Speech on Attempts to Alter Superannuation Governance Laws

11.00am | January 25, 2018

The Treasury Laws Amendment (Improving Accountability and Member Outcomes in Superannuation Measures No. 1) Bill 2017 and the Superannuation Laws Amendment (Strengthening Trustee Arrangements) Bill 2017 seek to fundamentally alter the governance arrangements that have been in place for superannuation since it was first put in place by a Labor government. The legislation does that by requiring that registrable superannuation licensees have at least one-third so-called independent directors and that the chair of the board also be one of those independent directors. It also abolishes any requirement that the remaining directors comprise 50 per cent employers and 50 per cent representatives of the workers who are members of that fund. In doing that, it creates the possibility that a board could be entirely controlled by these independent directors and employers only.

This is a profound intervention into the Australian superannuation system, and what is particularly troubling is that there is absolutely no justification provided for why this is occurring. Normally in public policy we ask, 'What problem are we trying to solve?' Where isthe problem here? For all of the previous speaker's references to sticky fingers and scary ideas, I challenge people to identify a significant national scandal involving an industry super fund. I challenge them to do so, and I then ask them to think carefully about the scandals—scandal after scandal after scandal after scandal—that have plagued the retail banking sector. And I ask: why is it that before the parliament now is this bill and not a bill that goes to the problems in the banking sector and not a bill that would establish a royal commission so that we could finally get to the bottom of these problems? In the absence of any clear description of what problem we're trying to solve, I can only conclude one thing: this is just one more intervention by a government that is absolutely determined to use the power of the state, the power of government, to go after its political opponents.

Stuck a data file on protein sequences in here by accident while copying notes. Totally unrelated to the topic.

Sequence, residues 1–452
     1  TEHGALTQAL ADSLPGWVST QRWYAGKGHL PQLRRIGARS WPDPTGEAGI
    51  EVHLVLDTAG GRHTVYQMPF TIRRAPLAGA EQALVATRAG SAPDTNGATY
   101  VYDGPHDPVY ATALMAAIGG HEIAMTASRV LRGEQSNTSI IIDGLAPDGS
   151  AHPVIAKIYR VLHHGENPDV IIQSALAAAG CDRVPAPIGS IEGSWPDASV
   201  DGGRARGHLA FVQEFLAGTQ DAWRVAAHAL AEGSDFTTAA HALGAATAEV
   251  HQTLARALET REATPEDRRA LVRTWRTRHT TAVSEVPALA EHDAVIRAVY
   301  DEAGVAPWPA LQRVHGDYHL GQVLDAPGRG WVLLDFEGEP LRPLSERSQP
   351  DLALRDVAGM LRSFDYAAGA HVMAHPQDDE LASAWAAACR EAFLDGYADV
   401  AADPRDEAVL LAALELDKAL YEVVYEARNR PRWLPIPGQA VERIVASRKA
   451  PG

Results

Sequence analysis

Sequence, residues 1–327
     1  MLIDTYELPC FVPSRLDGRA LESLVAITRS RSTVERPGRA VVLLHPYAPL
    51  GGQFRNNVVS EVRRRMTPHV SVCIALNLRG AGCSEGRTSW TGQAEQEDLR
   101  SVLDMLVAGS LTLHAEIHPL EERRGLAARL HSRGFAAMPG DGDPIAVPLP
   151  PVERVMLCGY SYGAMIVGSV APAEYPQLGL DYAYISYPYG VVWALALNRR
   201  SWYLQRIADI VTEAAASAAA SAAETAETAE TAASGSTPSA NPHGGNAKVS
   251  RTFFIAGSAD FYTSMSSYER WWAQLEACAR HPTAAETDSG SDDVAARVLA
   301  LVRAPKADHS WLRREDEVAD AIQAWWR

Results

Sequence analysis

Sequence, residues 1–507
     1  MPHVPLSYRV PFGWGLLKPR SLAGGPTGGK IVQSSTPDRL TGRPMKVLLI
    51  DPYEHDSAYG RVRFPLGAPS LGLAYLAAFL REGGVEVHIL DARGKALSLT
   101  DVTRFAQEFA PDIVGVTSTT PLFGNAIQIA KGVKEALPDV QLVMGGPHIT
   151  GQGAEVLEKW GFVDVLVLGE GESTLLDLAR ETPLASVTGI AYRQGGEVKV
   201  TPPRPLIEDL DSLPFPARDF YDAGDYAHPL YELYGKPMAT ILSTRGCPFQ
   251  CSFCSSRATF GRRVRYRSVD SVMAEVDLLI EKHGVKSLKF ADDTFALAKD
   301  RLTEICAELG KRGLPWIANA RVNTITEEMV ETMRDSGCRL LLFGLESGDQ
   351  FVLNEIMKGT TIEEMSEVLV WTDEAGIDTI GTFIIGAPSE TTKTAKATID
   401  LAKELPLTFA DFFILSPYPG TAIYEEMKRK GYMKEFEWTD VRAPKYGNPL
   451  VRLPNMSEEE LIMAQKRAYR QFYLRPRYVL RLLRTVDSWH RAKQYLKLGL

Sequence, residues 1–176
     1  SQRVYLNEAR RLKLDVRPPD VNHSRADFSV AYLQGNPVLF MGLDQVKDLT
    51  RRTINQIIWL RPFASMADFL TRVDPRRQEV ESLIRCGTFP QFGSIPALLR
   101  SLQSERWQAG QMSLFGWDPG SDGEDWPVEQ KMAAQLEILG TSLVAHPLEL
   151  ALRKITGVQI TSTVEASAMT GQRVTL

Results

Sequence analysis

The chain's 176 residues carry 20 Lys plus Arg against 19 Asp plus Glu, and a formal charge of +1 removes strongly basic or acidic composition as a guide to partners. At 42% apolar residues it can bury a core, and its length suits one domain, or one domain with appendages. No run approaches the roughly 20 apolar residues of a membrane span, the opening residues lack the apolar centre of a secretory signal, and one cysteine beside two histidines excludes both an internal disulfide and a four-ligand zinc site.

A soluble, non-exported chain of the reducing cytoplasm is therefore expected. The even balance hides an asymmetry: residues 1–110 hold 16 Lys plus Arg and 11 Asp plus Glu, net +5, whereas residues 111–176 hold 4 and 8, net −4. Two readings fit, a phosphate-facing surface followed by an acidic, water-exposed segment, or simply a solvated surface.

The history of super is this: people on the other side of the chamber have always hated it. They hated the idea that ordinary working people might get access to super—which was, historically, a privilege afforded only to very-highly-paid white-collar workers. They hated the idea that workers might take their admittedly small pool of individual savings and put them together so that they could compete in the investment market on even ground with the big investors—the people with a lot of money. They hate it. They really hate that the boards of superannuation firms are made up of representatives of workers—because that's really what this bill is all about: it is about stopping ordinary working people and their representatives from managing their own money. It's actually pretty clear. It is about taking away positions on existing boards that are presently occupied by truck drivers and nurses and retail workers and handing them to individuals drawn from the finance sector. Doing that is, in the first instance, a deeply unethical use of the power of government. It is simply about going after one's political opponents using the resources of government, rather than acting in the public interest. That is very, very wrong.

But, sadly, it's a set of behaviours that we've seen more and more from this government as it becomes more and more unhinged and more and more preoccupied with its own problems. We need only look to the events of the last couple of weeks, when the Registered Organisations Commission was utilised to launch a raid on the AWU, principally for the purposes of going after the Leader of the Opposition and utilising all the resources of government to do so. This is not proper use of government resources. It's not proper use of the power of government. It is not actually consistent with a commitment to democratic norms, and people ought to be very, very worried about the way this government is behaving.

To go back to the bill before us: this bill seeks to replace the current model of the representation of workers and employers on superannuation boards. Where will these independent directors come from? Well, they'll come from the finance sector—that's very clear. What this effectively means is that this is a bill that seeks to replace the current model of governance with one that looks a lot more like the culture that is present in banking.